The Harvard Jerusalem Studio
Urban Designs for the Holy City
These studies, conducted in 1980-1984 by teams of faculty, students, consultants, and advisors from the Jerusalem planning community and the Harvard Graduate School of Design, provide a unique sense of Jerusalem's natural and built environment, its livability, cultural diversity, and political and religious tensions.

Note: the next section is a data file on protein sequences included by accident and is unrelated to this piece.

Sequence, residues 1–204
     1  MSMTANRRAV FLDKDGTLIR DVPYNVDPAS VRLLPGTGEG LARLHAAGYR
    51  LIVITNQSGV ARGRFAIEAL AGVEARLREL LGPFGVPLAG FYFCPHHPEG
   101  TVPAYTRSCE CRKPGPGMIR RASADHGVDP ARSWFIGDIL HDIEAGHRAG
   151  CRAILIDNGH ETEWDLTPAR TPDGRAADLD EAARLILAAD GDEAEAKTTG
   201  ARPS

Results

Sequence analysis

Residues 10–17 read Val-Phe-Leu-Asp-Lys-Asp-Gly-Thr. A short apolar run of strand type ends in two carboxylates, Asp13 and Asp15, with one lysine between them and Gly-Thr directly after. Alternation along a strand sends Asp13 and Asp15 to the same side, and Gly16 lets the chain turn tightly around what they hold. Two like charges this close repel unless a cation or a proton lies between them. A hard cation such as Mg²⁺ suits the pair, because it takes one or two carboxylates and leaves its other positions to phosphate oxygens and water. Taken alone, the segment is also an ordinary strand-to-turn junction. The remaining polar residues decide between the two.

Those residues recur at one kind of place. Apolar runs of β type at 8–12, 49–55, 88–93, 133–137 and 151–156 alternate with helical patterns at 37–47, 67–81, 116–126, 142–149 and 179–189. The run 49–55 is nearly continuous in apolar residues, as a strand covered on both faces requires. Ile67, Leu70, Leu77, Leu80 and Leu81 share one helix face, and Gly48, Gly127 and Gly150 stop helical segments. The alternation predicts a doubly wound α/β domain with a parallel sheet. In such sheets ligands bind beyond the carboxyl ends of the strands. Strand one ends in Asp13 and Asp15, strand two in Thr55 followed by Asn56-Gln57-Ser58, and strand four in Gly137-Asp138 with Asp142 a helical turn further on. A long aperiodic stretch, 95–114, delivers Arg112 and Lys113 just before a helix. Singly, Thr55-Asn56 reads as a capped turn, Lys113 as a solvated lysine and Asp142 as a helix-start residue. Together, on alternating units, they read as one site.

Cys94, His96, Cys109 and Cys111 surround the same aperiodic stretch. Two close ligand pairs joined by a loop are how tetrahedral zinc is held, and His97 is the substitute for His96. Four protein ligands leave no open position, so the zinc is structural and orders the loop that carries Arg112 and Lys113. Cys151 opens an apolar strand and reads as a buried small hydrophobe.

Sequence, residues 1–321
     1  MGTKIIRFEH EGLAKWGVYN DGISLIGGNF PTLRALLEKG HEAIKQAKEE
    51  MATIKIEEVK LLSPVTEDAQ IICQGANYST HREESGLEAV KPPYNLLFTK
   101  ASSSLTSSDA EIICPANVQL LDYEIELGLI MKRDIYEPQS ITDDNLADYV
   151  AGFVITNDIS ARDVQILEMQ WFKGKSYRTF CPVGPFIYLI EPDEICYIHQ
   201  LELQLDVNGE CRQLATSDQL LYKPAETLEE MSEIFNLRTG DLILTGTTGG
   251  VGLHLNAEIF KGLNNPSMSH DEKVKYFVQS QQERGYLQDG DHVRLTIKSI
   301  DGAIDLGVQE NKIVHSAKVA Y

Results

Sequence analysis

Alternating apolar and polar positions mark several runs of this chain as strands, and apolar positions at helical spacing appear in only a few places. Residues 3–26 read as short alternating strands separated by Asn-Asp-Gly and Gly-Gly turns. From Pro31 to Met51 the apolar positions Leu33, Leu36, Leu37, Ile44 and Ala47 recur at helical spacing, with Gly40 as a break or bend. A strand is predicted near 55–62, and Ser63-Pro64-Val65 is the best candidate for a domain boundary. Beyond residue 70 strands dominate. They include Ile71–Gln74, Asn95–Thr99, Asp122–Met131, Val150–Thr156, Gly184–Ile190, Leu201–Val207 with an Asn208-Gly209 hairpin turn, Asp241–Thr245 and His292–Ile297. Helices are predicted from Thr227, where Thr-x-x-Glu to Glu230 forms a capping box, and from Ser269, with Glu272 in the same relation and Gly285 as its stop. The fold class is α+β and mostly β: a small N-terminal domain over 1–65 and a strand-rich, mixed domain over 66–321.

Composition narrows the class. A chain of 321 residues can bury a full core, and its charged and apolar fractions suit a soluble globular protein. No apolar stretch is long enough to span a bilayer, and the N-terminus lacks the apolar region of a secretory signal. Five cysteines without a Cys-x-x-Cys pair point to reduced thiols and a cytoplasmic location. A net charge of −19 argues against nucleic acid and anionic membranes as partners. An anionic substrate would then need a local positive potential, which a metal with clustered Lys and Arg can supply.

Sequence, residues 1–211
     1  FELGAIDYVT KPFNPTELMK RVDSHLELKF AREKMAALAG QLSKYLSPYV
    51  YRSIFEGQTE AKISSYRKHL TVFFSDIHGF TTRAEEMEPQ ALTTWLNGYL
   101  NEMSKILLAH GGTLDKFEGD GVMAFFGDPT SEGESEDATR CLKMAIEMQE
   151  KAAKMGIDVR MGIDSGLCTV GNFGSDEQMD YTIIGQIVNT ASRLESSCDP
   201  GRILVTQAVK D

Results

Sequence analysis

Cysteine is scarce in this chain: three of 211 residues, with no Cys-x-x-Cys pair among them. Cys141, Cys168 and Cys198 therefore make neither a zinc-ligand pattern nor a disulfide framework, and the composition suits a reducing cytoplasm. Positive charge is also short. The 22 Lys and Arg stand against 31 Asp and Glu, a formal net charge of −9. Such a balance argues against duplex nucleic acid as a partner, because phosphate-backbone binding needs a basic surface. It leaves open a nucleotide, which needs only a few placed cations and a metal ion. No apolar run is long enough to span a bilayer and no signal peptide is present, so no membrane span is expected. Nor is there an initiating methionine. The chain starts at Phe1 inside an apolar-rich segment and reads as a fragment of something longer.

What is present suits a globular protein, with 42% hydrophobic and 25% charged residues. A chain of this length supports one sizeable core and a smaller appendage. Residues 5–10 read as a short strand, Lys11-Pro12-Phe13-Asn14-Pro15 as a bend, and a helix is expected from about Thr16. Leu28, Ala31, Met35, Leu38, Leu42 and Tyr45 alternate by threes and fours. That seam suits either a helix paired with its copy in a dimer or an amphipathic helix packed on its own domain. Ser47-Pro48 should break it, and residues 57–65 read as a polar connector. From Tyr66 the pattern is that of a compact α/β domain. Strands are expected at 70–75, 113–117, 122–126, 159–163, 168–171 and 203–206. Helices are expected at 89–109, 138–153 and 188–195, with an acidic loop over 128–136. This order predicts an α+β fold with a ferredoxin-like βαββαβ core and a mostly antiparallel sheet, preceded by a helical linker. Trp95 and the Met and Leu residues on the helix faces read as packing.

Modern Jerusalem is one of the most fascinating laboratories for urban development. These studies, conducted in 1980-1984 by teams of faculty, students, consultants, and advisors from the Jerusalem planning community and the Harvard Graduate School of Design, provide a unique sense of Jerusalem's natural and built environment, its livability, cultural diversity, and political and religious tensions. The more than 500 illustrations include contemporary plans and drawings as well as lithographs, engravings, and historical material that convey the special quality of the Holy City. Moshe Safdie, who initiated and directed the Jerusalem studio, discusses the urban design program at Harvard in his introduction to the book. In the first three chapters, he traces Jerusalem's heritage, presents the Old City and its visual basin, and details projects for Damascus Gate (where "all the ingredients, problems, and opportunities that have made urban design a necessary activity are demonstrated"). The remaining chapters focus on the forces of change and how to plan for explosive growth in the new city outside the wall. They present plans for the downtown or central business district, the new satellite towns to the north and south, and the green belt surrounding the city. A final chapter returns to Damascus Gate and presents designs for the no-man's-land, (known as the Seam) outside it. This strategic parcel of land links the Arab and Israeli business districts and the Old City markets. Working with local communities and the municipality, three GSD graduates developed the design that was given the first Progressive Architecture Urban Design Award in 1985. So compelling was this proposal that the municipality intends to implement it. The Jerusalem studio program was not only pedagogically significant but also of great practical value for the city of Jerusalem. The teams shed light on the opportunities and predicaments of a great historic city undergoing rapid growth and development and offered some brilliant design strategies. While the studies focus on Jerusalem, the issues they address - such as how new development can be made to harmonize with historic architecture and the impact that new commercial centers have on a strongly divided population - are relevant to many cities.